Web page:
president and new Association of European Airlines (AEA) chairman Leo van Wijk
is calling for a close examination of the European air transport system in
order to ensure that airlines remain viable businesses, particularly given the
changes in the industry following last year’s attacks on the USA.
down his priorities as he takes over the AEA lead from Air France CEO
Jean-Cyril Spinetta, van Wijk says that it is necessary to establish a
blueprint for a sustainable system, adding that the European Union White Paper
unveiled in September last year is “a good starting point”.
he says that airlines, in addition to the increased costs of security and poor
passenger numbers, are facing further expense pressures from insurance firms
and air traffic control authorities.
along the line, from aircraft manufacturers through airport and airspace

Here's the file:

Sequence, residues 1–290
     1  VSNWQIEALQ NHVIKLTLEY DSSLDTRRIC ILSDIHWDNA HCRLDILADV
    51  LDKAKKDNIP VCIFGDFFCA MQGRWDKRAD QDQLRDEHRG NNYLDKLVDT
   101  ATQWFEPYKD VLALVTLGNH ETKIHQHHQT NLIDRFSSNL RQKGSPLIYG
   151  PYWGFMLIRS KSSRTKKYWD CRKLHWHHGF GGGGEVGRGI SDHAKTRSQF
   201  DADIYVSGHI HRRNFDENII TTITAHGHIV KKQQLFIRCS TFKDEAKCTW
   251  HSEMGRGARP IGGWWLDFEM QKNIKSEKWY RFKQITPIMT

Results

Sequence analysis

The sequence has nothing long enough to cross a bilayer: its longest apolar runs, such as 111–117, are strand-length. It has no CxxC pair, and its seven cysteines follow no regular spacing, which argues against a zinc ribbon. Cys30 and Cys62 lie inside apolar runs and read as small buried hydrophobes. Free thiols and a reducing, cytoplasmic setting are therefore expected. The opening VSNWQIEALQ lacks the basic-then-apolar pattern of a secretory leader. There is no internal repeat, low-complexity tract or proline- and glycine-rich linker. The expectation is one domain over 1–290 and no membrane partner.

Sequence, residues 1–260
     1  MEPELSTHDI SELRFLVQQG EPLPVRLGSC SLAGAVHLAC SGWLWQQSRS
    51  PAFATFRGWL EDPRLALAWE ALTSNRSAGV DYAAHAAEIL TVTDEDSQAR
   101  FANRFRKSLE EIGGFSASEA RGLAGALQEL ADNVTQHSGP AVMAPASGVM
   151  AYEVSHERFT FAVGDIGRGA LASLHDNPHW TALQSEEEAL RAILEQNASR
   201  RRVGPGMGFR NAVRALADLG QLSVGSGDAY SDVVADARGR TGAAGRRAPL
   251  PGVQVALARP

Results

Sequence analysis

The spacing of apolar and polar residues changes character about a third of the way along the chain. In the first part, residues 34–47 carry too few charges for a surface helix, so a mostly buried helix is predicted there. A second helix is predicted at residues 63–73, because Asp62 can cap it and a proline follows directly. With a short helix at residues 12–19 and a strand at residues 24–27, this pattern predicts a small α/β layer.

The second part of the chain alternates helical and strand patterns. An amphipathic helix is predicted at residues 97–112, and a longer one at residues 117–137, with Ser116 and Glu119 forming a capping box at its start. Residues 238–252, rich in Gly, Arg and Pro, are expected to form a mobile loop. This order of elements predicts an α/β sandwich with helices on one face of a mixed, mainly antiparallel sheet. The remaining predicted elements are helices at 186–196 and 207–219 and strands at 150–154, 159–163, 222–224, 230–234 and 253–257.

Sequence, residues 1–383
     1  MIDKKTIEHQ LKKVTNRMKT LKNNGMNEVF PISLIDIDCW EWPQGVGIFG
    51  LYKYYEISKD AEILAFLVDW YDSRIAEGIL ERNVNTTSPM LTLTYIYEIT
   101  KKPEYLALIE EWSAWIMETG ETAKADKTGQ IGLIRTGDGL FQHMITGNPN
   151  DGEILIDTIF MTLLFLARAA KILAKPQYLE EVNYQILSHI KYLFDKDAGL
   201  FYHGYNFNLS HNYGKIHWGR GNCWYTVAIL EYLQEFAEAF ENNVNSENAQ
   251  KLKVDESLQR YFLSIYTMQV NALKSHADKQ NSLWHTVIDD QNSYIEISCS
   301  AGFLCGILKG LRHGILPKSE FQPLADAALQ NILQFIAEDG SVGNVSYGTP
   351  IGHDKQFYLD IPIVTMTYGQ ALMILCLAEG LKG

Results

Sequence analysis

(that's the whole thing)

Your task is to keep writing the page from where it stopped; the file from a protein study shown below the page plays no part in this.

providers, support services to distribution media, we seem to be providing
steady returns for everybody – but fail ourselves even to earn our cost of
capital,” he says. “The airlines are the weakest link in the chain.”
associated with the distribution of slots, increased air traffic control
charges and revised passengers’ rights, he adds, are “not new” but van Wijk
says that the current economic and operating environments have arguably
highlighted the consequences more clearly than ever before.
says that the airlines must work with regulators, governments and other parties
to resolve the problems, adding: “The airlines can no longer afford to operate
within the traditional framework of fragmented answers and isolated solutions.
costs of a fragmented approach – both in terms of financial costs and
ineffective public policies – can no longer be explained to our customers,
employees and shareholders.”